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Human Resources
The Shooting Gallery Scores Again
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"The movie was very well acted, all the charachters were completely believable. The use of real workers gives the movie a uniquely sincere flavor, there are moments when you can taste the desperation. This is a movie that I strongly recommend to anyone who wants to taste a reality lived by millions of people on a daily basis. "
EROS1973
 
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When was the last time you watched a movie about steel factory workers and the 35 hour work week? From what I understand, it's not exactly a topic that fascinates the American imagination. Nonetheless, this French film, part of the Shooting Gallery series, is doing surprisingly well. I think the reasons for this are that it is made from the same stuff as the characters it portrays: it's quiet, resilient, and smart.

Frank (Jalil Lespert) returns to his home town after finishing college in Paris to take a summer job at the company that employed his father all his life -- and most of his friends and family, for that matter. Frank comes to his new position in the Human Resources department with all the best intentions, but he soon has to discover that his new function is a threat to the workers, including his father. The conflict builds slowly, and you can see it coming from a long way off, but this only makes it that much more devastating when it finally comes to a head.

I enjoyed Human Resources despite myself -- I didn't think that the topic would fascinate me nearly as much as it did. But the performances are gripping (all actors except for Jalil Lespert are non-professionals, and Frank's father is nothing short of stunning), and the visuals are strangely interesting. Not counting Dancer in the Dark, it's been a long time since anybody filmed the insides of a factory and made it look good. Laurent Cantet achieves a documentary look that gives the drama heightened intensity because it seems real.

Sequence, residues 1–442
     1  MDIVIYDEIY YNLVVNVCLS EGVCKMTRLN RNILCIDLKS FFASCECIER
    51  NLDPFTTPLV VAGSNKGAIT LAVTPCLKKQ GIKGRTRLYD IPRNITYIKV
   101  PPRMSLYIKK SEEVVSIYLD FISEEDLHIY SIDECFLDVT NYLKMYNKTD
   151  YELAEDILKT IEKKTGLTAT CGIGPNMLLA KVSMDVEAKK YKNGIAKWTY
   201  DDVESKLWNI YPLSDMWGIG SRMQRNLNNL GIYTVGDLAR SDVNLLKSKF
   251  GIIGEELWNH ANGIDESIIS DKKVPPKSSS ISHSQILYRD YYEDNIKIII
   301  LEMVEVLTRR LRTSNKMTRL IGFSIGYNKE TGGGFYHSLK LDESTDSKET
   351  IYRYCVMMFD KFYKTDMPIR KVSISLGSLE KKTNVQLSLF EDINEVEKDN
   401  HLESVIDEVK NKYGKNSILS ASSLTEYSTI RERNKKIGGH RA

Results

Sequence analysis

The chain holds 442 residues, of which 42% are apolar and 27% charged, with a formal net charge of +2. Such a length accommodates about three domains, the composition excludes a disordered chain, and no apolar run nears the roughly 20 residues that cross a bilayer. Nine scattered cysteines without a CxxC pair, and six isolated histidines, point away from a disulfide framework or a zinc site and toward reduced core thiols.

Class, worker's issues, and unions are not particularly high on the list of topics that will grip a huge audience. They will occasionally feature in American films, but usually only if the workers are artists (such as in Tim Robbins' Cradle Will Rock), or if it ends with a rousing win for the underdogs. There isn't even a love interest in Human Resources. This is a film about normal people, overlooked people, and their resources -- their resilience, their quiet acquiesence, their power of survival and fight. The result is a touching and fascinating film about human resourcefulness that shouldn't be missed.

HUMAN RESOURCES
Directed by Laurent Cantet
Cast: Jalil Lespert
Jury Prize, 2000 Seattle International Film Festival Audience Award, 1999 Belfort Film Festival Prize of the Jury, 1999 Acapulco Film Festival Best Screenplay, 1999 Thessaloniki Film Festival Best Actor, 1999 Amiens Film Festival Best First Feature (Cipputi Prize), 1999 Amiens Film Festival New Directors Award, 1999 San Sebastian Film Festival

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